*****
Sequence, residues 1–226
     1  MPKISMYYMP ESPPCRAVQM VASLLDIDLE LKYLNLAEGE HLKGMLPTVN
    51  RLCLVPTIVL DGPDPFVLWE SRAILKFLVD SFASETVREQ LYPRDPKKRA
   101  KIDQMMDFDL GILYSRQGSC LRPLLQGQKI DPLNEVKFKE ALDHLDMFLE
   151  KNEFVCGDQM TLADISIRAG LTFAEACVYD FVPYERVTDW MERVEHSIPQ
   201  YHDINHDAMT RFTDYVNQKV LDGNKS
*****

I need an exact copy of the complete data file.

Sequence, residues 1–226
     1  MPKISMYYMP ESPPCRAVQM VASLLDIDLE LKYLNLAEGE HLKGMLPTVN
    51  RLCLVPTIVL DGPDPFVLWE SRAILKFLVD SFASETVREQ LYPRDPKKRA
   101  KIDQMMDFDL GILYSRQGSC LRPLLQGQKI DPLNEVKFKE ALDHLDMFLE
   151  KNEFVCGDQM TLADISIRAG LTFAEACVYD FVPYERVTDW MERVEHSIPQ
   201  YHDINHDAMT RFTDYVNQKV LDGNKS